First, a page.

A group of cybersecurity bills that the U.S. Congress may soon vote on contain serious privacy and civil liberties flaws, with some of the bills allowing private companies to share a wide range of their customers' online communications with government agencies, the Center for Democracy and Technology said.
The U.S. House of Representatives could vote later this month on two bills focused on encouraging private companies and the government to share cyberthreat information with each other, even though there are major civil liberties concerns with one of the bills and some outstanding questions about the second, CDT officials said during a press briefing Wednesday.
The Senate may vote on information-sharing legislation in May, CDT officials said. CDT raised concerns about four information-sharing bills, all of which would provide legal protections for private companies that share cyberthreat information with government agencies.
"[If] you look at most of these bills closely, you'll see that there are extraordinarily complex civil liberties problems in virtually every one of these bills," said Leslie Harris, CDT's president and CEO.
The Electronic Frontier Foundation has similar criticisms of the cybersecurity bills. Most of the information-sharing bills before Congress don't clearly define what a cybersecurity threat is, thus allowing broad information sharing between private companies and the government for ill-defined purposes, the EFF said.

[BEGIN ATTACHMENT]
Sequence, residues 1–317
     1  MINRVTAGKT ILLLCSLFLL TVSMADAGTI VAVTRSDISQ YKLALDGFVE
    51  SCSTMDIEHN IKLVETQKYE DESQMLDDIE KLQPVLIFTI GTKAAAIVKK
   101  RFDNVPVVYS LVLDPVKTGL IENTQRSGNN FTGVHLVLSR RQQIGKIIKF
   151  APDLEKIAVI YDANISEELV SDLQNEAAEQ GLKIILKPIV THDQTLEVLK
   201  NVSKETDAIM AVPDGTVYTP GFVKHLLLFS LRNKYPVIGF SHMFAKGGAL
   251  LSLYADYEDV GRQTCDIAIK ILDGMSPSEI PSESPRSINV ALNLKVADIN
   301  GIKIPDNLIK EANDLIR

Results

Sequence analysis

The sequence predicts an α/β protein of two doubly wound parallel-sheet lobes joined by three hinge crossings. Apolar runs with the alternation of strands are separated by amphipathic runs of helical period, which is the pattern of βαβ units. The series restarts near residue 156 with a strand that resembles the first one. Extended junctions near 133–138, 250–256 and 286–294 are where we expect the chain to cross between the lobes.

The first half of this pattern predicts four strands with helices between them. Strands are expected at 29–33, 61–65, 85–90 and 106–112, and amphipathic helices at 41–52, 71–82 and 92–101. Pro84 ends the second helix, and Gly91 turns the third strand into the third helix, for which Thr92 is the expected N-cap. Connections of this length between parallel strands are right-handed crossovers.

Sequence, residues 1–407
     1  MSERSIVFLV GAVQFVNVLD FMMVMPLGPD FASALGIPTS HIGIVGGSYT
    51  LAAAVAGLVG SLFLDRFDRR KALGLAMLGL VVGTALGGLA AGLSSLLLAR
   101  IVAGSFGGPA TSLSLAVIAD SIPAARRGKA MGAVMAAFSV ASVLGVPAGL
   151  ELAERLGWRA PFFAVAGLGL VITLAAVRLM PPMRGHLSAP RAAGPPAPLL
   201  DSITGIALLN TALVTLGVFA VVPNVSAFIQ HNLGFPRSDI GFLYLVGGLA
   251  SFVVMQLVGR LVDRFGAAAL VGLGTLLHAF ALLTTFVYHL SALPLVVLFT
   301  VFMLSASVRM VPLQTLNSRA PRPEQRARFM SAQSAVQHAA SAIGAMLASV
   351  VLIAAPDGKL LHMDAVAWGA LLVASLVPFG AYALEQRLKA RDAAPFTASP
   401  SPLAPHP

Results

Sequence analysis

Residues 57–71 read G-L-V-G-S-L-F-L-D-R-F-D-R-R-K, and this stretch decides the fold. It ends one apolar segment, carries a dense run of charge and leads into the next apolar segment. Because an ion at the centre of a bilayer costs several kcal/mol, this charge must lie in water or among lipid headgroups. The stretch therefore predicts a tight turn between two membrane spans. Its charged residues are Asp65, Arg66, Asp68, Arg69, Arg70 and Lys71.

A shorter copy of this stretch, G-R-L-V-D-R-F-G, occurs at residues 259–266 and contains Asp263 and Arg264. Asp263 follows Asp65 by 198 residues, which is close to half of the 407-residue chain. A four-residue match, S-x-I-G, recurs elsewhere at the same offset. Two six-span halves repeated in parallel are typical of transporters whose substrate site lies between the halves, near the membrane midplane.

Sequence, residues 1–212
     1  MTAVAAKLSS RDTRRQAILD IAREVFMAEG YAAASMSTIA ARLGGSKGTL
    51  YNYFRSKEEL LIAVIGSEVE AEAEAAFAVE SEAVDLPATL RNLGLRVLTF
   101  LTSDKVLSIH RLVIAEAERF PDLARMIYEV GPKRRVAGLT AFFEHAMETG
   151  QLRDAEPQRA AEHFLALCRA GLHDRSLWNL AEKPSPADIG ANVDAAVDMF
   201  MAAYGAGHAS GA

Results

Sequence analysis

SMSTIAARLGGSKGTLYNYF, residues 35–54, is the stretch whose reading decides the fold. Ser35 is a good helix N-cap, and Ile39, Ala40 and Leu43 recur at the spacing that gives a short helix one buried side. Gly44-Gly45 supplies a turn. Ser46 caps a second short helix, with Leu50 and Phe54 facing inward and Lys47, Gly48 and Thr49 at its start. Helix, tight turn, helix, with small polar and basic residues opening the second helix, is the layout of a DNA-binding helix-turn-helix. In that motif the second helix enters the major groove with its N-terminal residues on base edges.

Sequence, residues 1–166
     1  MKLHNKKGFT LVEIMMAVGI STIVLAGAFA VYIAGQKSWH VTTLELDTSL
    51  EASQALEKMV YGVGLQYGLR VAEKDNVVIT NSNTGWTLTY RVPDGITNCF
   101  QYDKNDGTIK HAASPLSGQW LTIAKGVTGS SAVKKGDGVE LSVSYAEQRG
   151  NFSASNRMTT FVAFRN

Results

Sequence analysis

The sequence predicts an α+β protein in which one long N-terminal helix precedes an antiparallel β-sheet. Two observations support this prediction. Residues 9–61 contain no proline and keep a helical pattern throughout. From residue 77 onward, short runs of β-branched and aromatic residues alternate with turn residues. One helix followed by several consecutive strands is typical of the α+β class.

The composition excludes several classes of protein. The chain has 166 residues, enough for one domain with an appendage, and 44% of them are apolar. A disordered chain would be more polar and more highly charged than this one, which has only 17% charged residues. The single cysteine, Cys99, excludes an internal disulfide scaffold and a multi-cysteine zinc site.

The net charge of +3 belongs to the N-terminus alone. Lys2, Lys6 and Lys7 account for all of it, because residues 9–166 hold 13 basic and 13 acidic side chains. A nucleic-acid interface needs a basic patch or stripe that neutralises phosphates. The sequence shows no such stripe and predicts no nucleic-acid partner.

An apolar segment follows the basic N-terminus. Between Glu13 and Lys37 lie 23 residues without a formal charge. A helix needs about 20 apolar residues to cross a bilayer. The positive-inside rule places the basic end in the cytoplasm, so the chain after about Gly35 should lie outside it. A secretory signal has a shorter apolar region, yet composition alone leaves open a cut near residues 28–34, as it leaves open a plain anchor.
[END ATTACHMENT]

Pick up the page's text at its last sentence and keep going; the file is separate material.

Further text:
The first House bill, the Cyber Intelligence Sharing and Protection Act, allows private companies to share broad information about cyberthreats with government agencies, with no requirement to strip out personal information, said Greg Nojeim, CDT's senior counsel. The bill, sponsored by Representative Mike Rogers, a Michigan Republican, would allow U.S. agencies to use the information shared by private companies for other national security and law enforcement purposes, in addition to cybersecurity, he said.
The Rogers bill may also allow private companies to take broad countermeasures against attacks, potentially including counterattacks, Nojeim said. The information-sharing bills "trump all privacy laws" in their permission for companies to share information with government agencies, he said.
The Rogers bill contains no privacy oversight, the EFF said. "The Rogers bill gives companies a free pass to monitor and collect communications and share that data with the government and other companies, so long as they do so for 'cybersecurity purposes,'" the EFF said in a blog post. "Just invoking 'cybersecurity threats' is enough to grant companies immunity from nearly all civil and criminal liability, effectively creating an exemption from all existing law."
The Rogers bill has broad support in the House, however, with 106 co-sponsors. Several companies, including AT&T, Microsoft, Facebook, Intel and IBM, have also voiced support. The bill "provides a solid framework and useful legal protections to permit the timely flow of actionable threat information in order for organizations to better protect themselves and customers," Christopher Padilla, IBM's vice president of governmental programs, wrote in a November letter to Rogers.
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